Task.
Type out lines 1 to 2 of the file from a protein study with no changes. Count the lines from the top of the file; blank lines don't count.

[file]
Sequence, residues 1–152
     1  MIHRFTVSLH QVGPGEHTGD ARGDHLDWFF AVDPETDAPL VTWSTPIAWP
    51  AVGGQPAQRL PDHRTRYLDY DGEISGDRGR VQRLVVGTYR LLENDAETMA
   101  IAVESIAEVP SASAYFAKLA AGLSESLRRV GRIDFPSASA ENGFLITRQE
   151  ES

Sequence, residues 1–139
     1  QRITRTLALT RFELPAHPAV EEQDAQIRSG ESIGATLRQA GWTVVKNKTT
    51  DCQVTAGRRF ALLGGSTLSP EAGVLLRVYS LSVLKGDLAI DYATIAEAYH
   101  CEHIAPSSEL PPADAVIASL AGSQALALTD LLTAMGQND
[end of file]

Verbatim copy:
Sequence, residues 1–152
     1  MIHRFTVSLH QVGPGEHTGD ARGDHLDWFF AVDPETDAPL VTWSTPIAWP